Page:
Returning to the subject of cryptocurrency, despite the security inherent to storing financial information on the blockchain, many cryptocurrency users have either had their wallets compromised or simply lost the passwords for them because there is no way to connect that wallet to their physical identity. If you forget the PIN for your bank card it can be reset because there is always a ‘you’ to connect that account to, but if a cryptocurrency wallet that can be accessed with only a username and password is lost then it could be gone for good. A robust digital identity system could solve this problem.
How blockchain can secure identity
Blockchain technology is a sensible way to achieve a ‘good’ digital identity. Although there have been concerns about speed when applied in the cryptocurrency space, where making a payment or transfer can take considerable time as the blockchain works through a backlog, blockchain technology is potentially very fast, and being ‘centralised’ (in the sense of all being in one blockchain) means that auditing information will be much faster and tamper-proof. Being decentralised, an identity blockchain could be accessed from anywhere but would be extremely secure: for example, if you were applying for a loan online you could grant the lender access to the details they need and nothing more, just as when you sign up to a service with Facebook it will tell you that it will have access to your friends and so on.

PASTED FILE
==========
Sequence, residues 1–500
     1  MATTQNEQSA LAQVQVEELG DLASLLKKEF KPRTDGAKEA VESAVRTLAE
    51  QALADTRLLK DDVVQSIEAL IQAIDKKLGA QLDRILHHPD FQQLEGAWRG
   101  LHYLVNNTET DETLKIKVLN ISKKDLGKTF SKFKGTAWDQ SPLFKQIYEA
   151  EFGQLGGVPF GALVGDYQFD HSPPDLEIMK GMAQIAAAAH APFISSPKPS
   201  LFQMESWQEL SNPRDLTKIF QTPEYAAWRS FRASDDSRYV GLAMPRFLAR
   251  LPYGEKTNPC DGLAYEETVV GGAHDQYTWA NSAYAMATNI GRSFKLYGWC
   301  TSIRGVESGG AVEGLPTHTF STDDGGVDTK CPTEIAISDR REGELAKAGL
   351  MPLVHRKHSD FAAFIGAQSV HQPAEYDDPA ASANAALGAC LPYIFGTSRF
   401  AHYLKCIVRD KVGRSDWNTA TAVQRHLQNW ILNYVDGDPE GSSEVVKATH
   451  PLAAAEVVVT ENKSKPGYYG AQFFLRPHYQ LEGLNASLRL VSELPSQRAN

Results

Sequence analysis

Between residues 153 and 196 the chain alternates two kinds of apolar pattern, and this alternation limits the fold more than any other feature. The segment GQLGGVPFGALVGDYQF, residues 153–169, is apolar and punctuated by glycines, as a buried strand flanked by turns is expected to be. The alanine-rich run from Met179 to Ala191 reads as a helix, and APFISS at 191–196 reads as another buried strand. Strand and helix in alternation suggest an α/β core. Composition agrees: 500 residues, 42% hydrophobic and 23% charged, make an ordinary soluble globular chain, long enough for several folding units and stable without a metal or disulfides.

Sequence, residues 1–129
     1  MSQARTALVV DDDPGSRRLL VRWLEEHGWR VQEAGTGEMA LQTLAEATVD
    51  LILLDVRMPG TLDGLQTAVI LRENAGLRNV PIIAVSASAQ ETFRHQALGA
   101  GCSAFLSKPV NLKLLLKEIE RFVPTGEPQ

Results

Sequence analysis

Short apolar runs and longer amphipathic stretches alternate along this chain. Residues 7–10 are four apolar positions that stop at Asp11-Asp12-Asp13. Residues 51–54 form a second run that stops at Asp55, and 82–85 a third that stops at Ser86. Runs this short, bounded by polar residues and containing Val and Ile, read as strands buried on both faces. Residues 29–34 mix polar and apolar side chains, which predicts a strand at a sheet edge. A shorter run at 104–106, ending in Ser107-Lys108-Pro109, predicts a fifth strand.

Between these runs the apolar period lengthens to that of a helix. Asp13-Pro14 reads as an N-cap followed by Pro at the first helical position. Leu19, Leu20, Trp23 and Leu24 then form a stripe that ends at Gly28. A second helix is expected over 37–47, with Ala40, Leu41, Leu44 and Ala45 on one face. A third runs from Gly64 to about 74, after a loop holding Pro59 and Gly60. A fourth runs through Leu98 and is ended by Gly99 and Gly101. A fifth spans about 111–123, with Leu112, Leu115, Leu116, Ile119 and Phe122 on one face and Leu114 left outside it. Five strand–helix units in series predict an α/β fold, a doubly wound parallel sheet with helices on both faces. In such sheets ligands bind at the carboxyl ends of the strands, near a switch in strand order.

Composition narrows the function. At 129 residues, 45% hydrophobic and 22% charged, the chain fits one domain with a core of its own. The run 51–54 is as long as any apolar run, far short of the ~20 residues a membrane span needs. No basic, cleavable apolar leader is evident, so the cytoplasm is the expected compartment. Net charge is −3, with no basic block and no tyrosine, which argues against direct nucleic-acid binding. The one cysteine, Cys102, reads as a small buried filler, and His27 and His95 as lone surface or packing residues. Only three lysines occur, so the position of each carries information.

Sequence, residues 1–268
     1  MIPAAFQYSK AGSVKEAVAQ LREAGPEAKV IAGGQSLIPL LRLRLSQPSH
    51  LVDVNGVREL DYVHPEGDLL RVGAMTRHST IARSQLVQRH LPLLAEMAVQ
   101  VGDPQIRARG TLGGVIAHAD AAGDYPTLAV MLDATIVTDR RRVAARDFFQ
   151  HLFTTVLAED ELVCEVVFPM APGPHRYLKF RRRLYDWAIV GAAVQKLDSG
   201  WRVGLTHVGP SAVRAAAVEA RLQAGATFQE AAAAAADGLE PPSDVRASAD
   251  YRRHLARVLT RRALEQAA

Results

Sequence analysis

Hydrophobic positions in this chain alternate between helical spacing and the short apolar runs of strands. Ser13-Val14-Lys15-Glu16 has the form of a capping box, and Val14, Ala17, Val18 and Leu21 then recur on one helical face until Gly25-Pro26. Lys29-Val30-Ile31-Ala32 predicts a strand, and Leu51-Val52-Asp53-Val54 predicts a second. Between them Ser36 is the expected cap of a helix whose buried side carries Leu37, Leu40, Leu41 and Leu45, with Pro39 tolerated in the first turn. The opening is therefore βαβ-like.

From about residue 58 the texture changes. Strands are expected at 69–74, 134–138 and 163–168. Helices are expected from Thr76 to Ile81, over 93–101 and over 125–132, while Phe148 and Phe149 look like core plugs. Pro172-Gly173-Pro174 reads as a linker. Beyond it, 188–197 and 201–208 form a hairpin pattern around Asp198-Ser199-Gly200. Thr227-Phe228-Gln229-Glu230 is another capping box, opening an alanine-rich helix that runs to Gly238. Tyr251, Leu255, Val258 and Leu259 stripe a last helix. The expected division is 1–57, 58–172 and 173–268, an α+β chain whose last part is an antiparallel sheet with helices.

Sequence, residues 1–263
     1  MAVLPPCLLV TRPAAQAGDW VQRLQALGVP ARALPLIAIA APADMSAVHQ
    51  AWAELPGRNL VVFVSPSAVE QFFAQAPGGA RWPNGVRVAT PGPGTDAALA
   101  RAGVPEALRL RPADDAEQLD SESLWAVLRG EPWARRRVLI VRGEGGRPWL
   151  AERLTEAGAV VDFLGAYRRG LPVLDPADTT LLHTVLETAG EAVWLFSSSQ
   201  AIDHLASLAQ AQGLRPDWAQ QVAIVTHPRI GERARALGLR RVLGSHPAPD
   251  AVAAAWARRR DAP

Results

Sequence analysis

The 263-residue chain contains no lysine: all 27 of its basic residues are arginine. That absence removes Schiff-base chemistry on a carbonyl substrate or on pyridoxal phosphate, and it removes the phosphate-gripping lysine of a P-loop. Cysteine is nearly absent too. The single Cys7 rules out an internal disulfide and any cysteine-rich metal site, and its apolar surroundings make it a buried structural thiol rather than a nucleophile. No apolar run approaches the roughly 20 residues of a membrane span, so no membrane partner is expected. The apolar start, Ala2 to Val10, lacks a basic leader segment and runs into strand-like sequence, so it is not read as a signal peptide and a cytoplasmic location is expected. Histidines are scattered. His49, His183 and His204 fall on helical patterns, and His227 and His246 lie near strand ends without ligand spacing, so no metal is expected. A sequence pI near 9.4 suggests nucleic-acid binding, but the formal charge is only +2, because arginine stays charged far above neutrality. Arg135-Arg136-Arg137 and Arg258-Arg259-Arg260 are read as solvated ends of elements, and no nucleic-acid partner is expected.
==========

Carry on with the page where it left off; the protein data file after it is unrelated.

When applying for a new job you could allow access to your work history but not your medical record, when having a check-up with a doctor you could grant access to medical records but not your work history. Because each granting of access would be a ‘transaction’ on the blockchain you would have oversight on who has access to which elements of your digital identity, and this system could even use smart contracts to allow time-limited or conditional access to certain records.
There is also the matter of security. Blockchain technology is innately more secure than other information storage technologies because of the very fact of it being a ‘chain’ – you cannot go back and alter a piece of information, deleting the record of a payment so that it ‘never happened’ for example. Although it would be very difficult, this would be hypothetically possible in current forms of data storage – your bank balance is effectively a number in a spreadsheet. Blockchain technology wouldn’t allow for this, making it ideal for highly sensitive applications like identity.
Of course, blockchains can and have been compromised, so they will need to be secured with similar technology to that which secures more traditional information storage. Public and private keys backed by strong, quantum-safe cryptography generated by hardware security modules will enhance the safety of blockchains and allow for the creation of secure digital identities.
Source: Article in The IBS Intelligence (IBSi)